For much of the past five centuries, the history of the European continent has been a history of chaos, its civilization thrown into turmoil by ferocious wars or bitter religious conflicts—sometimes in combination—that have made and remade borders, created and eliminated entire nations, and left a legacy that is still influencing our world.
Is there an explanation for this chaos that goes beyond the obvious: political ambition, religious intolerance, the pursuit of state power, or the fear of another state's aspirations? Can we discover a hidden logic that could possibly explain the Thirty Years' War, the Napoleonic Wars, two World Wars, and other examples of national bloodletting? Is it possible to formulate a meaningful rationale against which to order a history as tumultuous as Europe's, gaining insights that enrich our understanding of Europe's past and future, and perhaps even of ours as well?
In War, Peace, and Power: Diplomatic History of Europe, 1500–2000, Professor Vejas Gabriel Liulevicius answers these questions and more as he offers everyone interested in the "why" of history a remarkable look into the evolution of the European continent and the modern state system. In 36 provocative lectures, he allows us to peer through the revealing lens of statecraft to show us its impact on war, peace, and power and how that impact may well be felt in the future—an approach that historians have been using for thousands of years.
"Diplomatic history is one of the oldest varieties of historical analysis," Professor Liulevicius notes. "Indeed, it's sometimes traced back all the way to Thucydides and the vision that he offered of Greek state interaction and politics.
"Diplomatic history offers a tremendously powerful intellectual tool to understand how states relate to one another. Because states are still relating with one another today, it is of undiminished relevance for our own times. ...
"As we conclude our course, we'll be able to ask, 'Where is Europe headed today, and what implications will follow for the world at large?' as we survey what had begun as a European state system [but which] has now become a global system of states in international politics."
Learn How Europe's Most Pivotal Moments Shaped History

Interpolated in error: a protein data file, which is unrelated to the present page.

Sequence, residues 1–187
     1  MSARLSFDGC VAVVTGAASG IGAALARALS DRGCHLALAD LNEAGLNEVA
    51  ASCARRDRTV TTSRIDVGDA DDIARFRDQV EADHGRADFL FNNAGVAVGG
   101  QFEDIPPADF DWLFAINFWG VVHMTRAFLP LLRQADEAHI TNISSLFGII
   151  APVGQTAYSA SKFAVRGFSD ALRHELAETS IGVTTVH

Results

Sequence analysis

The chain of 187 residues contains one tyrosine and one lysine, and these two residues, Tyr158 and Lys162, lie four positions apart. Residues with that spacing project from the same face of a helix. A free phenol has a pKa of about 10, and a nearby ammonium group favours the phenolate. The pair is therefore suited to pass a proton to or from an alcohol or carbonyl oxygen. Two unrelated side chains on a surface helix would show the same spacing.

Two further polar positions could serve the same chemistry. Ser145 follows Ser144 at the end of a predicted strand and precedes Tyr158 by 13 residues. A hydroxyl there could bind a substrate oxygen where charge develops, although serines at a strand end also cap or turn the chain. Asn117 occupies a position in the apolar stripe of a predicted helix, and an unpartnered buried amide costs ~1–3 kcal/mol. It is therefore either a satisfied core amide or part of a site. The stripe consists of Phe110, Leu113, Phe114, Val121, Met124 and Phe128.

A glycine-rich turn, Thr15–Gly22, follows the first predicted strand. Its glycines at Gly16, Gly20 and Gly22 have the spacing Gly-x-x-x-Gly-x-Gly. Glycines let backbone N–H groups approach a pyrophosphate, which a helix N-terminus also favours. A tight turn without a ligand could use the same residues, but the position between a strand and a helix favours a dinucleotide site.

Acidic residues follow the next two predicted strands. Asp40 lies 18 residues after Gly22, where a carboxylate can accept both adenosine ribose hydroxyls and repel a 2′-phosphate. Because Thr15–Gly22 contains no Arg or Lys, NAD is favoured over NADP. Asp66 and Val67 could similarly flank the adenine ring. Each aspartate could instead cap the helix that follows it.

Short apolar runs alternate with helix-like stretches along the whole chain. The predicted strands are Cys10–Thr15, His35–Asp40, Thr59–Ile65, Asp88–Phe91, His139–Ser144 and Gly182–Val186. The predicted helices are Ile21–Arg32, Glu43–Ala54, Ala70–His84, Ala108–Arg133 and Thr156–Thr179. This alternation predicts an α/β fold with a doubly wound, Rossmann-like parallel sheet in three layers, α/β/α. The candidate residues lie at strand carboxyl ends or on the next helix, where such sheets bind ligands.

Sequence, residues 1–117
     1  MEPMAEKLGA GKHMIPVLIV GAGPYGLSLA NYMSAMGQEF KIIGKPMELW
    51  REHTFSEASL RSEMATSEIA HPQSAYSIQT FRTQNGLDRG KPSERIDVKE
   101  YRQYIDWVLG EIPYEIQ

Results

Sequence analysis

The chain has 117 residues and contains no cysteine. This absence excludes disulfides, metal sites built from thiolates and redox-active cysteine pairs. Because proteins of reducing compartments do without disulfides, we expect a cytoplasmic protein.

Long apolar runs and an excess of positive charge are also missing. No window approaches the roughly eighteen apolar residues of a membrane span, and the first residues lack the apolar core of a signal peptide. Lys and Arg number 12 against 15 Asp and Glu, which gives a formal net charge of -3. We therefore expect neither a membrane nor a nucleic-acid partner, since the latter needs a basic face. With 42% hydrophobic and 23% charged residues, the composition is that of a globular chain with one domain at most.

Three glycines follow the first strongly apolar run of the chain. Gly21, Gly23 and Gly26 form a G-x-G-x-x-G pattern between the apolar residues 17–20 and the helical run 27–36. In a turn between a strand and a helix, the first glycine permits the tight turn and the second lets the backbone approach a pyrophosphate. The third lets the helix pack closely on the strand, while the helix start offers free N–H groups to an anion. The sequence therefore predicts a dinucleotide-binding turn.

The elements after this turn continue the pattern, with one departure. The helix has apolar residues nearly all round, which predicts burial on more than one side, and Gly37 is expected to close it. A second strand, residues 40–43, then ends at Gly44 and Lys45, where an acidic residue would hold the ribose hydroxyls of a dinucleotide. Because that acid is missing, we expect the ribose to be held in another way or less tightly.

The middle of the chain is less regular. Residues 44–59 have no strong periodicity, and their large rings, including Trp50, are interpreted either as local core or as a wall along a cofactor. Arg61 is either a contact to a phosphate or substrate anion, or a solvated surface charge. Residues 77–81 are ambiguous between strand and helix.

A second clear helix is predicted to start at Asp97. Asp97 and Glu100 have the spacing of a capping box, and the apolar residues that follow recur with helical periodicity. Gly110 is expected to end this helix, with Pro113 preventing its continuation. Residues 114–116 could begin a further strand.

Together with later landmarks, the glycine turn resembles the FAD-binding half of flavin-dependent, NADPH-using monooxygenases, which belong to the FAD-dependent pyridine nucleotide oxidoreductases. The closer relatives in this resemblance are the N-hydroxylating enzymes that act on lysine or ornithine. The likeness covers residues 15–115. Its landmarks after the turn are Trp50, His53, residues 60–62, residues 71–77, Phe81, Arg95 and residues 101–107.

Far more than just a history of ambassadorial missions and other diplomatic efforts, this course re-creates Europe's most pivotal historical moments—in the context of their times—showing how contemporary pressures and historical precedent combined to influence individuals, governments, structures, and even non-state organizations.
These events would happen not only on history's bloodiest battlefields but also in quieter settings where so many of the factors that would govern Europe's future would be set into place:
- You'll see how the 1648 Treaty of Westphalia, negotiated at the first great diplomatic conference of modern times, not only brought to a close the ordeal of the Thirty Years' War but also overthrew existing ideals and claims of universal authority to create the European system of independent sovereign states, setting into motion new concepts of international law that would codify the new politics of power.
- You'll experience the dawn of Europe's "classical balance of power," as the 1815 Congress of Vienna—amidst the exuberance and glitter of great balls and banquets—responds to the defeat of Napoleon with its creation of the so-called Concert of Europe, a new order opposed to revolution and based on conservative solidarity that would keep Europe from general war for nearly a century.
- And you'll be in Paris in 1919 for the aftermath of the shattering of the Concert of Europe, as the victorious allies gather to draft a comprehensive Paris Settlement—including the Treaty of Versailles—meant to build a new and lasting European order on the ruins of the old.
Each of these key points on history's timeline represents an attempt to establish a lasting idea of order in the European world, a task with which Europe's states have been wrestling since the birth of modern diplomacy in Renaissance Italy.
Explore the Dynamics of International Politics
In examining how these and other attempts have succeeded or failed, Professor Liulevicius offers a key to understanding the dynamics of international politics, as well as how such key concepts as the balance of power, power itself, sovereignty, and "reason of state"—the raison d'état first enunciated by France's powerful Cardinal Richelieu—fit into those dynamics. There's even a fascinating discussion on the implications of instantaneous communications technology—not only for the practice of diplomacy, but also for whether that technology makes diplomats themselves more important or less so; historians line up on both sides of the debate.